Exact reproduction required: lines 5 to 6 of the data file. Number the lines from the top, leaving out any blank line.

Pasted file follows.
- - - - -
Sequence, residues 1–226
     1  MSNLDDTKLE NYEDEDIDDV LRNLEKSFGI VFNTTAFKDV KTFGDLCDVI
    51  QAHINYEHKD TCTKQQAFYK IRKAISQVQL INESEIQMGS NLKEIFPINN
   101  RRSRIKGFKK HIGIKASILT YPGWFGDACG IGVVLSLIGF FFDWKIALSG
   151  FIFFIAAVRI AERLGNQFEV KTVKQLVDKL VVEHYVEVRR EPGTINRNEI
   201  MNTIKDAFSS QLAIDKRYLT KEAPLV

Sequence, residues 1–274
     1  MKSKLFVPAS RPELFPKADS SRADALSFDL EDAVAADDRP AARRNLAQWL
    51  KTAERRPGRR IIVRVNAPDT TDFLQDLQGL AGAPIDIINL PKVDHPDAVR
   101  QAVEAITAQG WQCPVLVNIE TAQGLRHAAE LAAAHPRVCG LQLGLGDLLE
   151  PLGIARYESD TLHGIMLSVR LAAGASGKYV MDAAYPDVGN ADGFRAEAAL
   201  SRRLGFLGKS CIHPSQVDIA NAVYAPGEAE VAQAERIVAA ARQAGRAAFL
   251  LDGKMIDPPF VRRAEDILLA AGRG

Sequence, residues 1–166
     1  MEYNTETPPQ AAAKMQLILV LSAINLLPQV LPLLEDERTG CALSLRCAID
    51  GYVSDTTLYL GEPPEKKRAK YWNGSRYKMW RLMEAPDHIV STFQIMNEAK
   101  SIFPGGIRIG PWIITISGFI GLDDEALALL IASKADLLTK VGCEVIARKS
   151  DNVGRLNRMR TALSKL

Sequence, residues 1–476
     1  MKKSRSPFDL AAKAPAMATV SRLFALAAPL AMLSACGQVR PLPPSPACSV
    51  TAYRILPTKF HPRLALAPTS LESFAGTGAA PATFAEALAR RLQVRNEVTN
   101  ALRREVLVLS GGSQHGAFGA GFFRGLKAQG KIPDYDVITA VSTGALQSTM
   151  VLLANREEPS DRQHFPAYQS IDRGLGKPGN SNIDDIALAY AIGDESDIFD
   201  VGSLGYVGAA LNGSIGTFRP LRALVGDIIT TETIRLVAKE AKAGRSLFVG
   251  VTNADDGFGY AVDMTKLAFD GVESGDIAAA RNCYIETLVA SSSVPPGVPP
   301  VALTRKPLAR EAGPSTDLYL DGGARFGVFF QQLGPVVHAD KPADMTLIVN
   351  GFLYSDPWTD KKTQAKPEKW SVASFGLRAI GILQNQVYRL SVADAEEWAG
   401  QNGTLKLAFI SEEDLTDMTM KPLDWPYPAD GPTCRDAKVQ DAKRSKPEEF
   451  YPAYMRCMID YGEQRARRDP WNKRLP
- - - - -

   151  FIFFIAAVRI AERLGNQFEV KTVKQLVDKL VVEHYVEVRR EPGTINRNEI
   201  MNTIKDAFSS QLAIDKRYLT KEAPLV